Editor: “It’s great that you counsel potential vendors as to whether they will succeed in your market. What else do you do to keep your vendors happy?”

Jim: “I am very consistent on my policies and my vendors know what to expect. If you talk to a vendor, they will tell you which direction I will go on any topic. Everyone is treated the same and fairly.”

Listen to Dixieland Market Place’s 30 second radio ads.

For more information:
Dixieland Market Place

2045 Dixie Highway
Waterford, MI 48328
Tel.: 248-338-3220

How to choose the right flea market for you

Unlike humankind, all flea markets are not created equal. Learning to recognize the different types of markets, and how each serves a unique purpose, will save you time, money and frustration where your flea market business is concerned.

Learn to discern
Exploring different markets to determine where to sell your wares should be a thought out process. It is not as simple as choosing a place because it has a lot of shopper traffic. You need to find venues that are not only bustling, but also are suitable for your merchandise and your price points.

Here are a few areas to consider:

  • Sellers’ vs. Buyers’ Markets: These are not absolutes, but generalizations based on whether a flea market leans more towards being a better place for professionals to sell at or to buy from. Obviously, for the most part, you want to sell at sellers’ markets, where you are more likely to get better prices for your medium to high-end merchandise. However, if you sell inexpensive merchandise, or, if you do not mind “wholesaling” to other professionals, you might do well at buyers’ markets.
  • Year-round vs. Special-event Markets: Special-event flea markets, held anywhere from once a year to once a month, often have festive feels that tend to put customers in spending moods. If you have choices, a good strategy is to plan your yearly schedule around special-event flea markets and use the year-round markets to fill in the gaps.
  • New vs. Used Markets: Although most flea markets advertise that all types of merchandise are welcome, almost all are more favorable to new or used goods. Learn which are which, and stick with your type.
  • Antiques Markets: Though many antiques flea markets allow vendors who do not sell antiques, the shoppers they attract tend to be staunchly loyal to all things old. If you do not sell antiques, you are in for an uphill battle at these markets.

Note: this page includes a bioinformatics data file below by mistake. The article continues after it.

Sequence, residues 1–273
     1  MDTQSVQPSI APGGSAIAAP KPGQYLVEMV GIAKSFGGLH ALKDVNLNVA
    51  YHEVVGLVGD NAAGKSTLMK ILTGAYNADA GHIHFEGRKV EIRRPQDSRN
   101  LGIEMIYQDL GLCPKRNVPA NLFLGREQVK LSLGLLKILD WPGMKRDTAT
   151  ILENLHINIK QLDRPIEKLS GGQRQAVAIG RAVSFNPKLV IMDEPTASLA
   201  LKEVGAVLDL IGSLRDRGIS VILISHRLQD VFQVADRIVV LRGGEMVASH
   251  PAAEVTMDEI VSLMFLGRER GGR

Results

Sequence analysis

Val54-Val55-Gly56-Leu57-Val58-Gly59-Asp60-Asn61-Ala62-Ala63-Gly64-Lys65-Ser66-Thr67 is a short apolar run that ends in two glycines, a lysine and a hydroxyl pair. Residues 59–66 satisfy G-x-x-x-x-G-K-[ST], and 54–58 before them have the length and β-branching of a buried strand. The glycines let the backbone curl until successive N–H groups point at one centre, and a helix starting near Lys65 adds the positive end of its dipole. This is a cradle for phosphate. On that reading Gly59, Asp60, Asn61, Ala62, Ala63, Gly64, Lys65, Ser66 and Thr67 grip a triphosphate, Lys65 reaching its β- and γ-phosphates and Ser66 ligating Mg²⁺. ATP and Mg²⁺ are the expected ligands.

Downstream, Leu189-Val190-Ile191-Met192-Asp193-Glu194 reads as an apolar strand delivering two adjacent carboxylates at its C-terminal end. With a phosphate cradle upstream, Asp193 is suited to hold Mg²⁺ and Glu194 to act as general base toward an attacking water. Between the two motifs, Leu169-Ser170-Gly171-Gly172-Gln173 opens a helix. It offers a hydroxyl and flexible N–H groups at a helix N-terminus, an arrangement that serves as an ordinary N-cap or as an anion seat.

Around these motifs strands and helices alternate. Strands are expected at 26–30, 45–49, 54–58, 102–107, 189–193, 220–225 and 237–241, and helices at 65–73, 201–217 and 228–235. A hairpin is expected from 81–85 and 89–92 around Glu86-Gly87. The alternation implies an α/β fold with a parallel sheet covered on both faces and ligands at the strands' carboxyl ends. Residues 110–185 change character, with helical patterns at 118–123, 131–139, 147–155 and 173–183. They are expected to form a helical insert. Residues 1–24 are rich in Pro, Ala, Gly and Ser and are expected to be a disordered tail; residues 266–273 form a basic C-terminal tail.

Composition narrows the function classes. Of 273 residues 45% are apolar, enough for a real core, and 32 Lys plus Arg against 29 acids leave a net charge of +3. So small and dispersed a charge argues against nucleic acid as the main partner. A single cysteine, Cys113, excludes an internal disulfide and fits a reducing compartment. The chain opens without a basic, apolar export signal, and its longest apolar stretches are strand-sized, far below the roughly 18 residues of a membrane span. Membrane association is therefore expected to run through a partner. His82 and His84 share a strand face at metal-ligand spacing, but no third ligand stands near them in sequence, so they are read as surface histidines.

Gather information
The best way to gauge a flea market is to take a trip there and talk with both vendors and shoppers. You will find some flea marketers are guarded, but many will share private information with no hesitation. I never ask vendors how much money they make, but you would be surprised how much information a simple question like “how is it going?” will garner. Recently, at a flea market, I was set up next to a very nice, seemingly conservative, older gentleman. At the end of the day, while packing up, I asked how he did. I was surprised when he answered: “About $500. Not bad, but this is my only source of income.”

Here are some clues to look for when you visit a potential selling venue:

  • More than one vendor says: “The people are nice but they want everything for nothing.” Probably a buyer’s market.
  • Several shoppers say: “The stuff here is beautiful but so expensive.” Seller’s market.
  • There is a difference in space prices within the same venue. I know of a flea market that is open on Wednesdays and Sundays. The price on Sundays is $25 per space and on Wednesdays it is only $10. The reason is that on Wednesdays, it is a buyer’s market swarming with dealers who prey upon desperate vendors. On Sundays, it becomes a seller’s market, teeming with collectors and end-users. Real pros only sell there on Sundays.
  • Do they segregate merchandise? If a flea market separates vendors by merchandise type, look for inequities. For example, if the used section of a particular market is smaller than the main section, off the beaten path or costs less per space, then the market is more favorable to new merchandise.

Do your homework
When visiting flea markets at which you are considering setting up shop, ask questions, dig deep and take notes. After visiting several venues, go over your notes, compare the pros and cons, and then make an informed decision. Your livelihood is on the line.

Mario Sbaraglia is a flea market vendor from Philadelphia, PA, and an Internet book dealer. He has a website called World Flea Market News, where vendors, collectors and Internet resellers all over the world obtain and share useful information about flea markets.